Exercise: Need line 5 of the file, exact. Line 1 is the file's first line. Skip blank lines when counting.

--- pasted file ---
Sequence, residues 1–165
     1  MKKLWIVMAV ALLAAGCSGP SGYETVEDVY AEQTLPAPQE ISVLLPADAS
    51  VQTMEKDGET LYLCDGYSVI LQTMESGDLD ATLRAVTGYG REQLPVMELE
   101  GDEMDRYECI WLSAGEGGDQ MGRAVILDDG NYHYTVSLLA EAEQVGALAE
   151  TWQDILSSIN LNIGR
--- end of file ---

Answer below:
   151  TWQDILSSIN LNIGR